Licensed nurses rely on their accreditation for their living. If your license is revoked, Texas has a lengthy reinstatement process for you to undergo before you can work as a nurse again.
The reinstatement process includes these steps before you’re able to work as a nurse again:
Wait the required amount of time
Even though you may be eager to resume your work as a nurse, the state of Texas has other plans. After a license revocation, you must wait at least a full calendar year before applying for reinstatement. While the reinstatement process itself can be lengthy, it cannot begin until a year has passed.
Supply support documentation
To increase the chances of success for your petition, you can submit support documentation with your request. These can include things like a letter from a therapist or counselor voicing support. Support documentation can also include any references written by former co-workers or supervisors. Documentation of attendance for a support group is also allowed.
Continue your nursing education
The Texas Board of Nursing requires continued education throughout your revocation. You must complete and document at least 20 hours of continuing education each year. It’s important that you keep documentation of your continued education and get the necessary 20 hours.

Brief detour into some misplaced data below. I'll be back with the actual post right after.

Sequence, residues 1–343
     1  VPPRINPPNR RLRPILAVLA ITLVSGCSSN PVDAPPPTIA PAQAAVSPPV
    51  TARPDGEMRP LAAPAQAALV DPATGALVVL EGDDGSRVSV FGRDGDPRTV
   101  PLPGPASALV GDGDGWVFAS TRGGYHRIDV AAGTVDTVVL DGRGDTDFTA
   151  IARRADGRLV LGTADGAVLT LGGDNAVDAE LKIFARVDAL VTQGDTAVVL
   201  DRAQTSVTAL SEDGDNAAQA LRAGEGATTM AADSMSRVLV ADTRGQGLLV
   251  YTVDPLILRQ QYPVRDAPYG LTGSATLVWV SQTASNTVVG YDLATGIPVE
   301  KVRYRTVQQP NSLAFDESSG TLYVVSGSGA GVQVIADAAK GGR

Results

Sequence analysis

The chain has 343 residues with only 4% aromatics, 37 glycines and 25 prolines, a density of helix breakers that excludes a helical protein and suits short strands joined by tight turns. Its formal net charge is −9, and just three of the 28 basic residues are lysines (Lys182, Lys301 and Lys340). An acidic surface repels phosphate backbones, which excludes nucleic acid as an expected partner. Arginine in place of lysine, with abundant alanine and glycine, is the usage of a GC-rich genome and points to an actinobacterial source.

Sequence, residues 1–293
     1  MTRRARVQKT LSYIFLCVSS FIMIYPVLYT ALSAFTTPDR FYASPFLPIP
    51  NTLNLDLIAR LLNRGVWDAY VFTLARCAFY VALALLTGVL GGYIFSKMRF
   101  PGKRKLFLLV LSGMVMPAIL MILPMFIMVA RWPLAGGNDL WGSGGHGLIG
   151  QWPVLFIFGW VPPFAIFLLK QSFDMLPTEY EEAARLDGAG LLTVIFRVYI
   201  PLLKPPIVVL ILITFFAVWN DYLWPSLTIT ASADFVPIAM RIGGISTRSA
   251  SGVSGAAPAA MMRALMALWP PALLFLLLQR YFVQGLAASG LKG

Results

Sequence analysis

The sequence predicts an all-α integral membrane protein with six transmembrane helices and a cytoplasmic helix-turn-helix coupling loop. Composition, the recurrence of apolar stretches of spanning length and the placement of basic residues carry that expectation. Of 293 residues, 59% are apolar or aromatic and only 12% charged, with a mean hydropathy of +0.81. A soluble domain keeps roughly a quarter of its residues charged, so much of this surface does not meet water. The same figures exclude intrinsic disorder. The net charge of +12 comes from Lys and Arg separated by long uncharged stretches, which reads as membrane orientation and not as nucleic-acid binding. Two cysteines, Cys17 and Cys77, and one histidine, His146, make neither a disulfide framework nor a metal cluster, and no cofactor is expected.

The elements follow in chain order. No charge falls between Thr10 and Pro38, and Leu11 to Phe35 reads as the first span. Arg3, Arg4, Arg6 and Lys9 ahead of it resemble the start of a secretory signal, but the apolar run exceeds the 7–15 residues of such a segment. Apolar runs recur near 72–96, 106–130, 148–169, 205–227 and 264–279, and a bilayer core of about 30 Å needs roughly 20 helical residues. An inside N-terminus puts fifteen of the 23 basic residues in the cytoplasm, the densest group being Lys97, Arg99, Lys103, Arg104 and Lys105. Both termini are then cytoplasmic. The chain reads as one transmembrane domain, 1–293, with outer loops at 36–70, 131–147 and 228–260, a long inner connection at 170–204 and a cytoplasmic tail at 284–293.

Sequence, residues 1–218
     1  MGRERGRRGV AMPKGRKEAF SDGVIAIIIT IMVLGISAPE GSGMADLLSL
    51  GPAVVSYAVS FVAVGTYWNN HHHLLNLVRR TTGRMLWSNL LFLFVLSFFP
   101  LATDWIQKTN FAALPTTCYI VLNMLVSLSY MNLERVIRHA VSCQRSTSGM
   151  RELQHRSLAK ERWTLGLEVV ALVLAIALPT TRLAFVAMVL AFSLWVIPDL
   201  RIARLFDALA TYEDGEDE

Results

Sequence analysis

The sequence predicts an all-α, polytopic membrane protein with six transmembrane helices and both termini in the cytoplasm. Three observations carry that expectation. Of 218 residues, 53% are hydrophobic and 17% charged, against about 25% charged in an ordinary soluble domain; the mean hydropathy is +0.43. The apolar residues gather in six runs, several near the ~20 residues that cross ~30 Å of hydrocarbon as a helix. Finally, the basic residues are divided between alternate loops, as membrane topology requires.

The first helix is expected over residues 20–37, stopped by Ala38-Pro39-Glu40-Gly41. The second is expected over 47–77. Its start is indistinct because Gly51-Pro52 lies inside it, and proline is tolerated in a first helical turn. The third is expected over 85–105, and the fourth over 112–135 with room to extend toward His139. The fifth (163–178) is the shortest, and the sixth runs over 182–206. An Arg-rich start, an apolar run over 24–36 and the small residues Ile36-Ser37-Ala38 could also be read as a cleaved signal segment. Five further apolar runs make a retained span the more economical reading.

Appear before a nursing panel
Before reinstatement, you will need to appear before a panel of the Board of Nursing to review your petition. They will ask you questions about your legal activity for the past year. They may also explore any substance issues you may be facing and how you have addressed them.
Defend your right to work
If you’re facing a disciplinary action against your license, it’s important to give yourself the best chance to keep your nursing license. As you can see, the process for reinstatement can be a lengthy and difficult one.
When facing disciplinary action as a nurse, a skilled attorney can be a valuable resource. They can help you defend your license and your ability to work.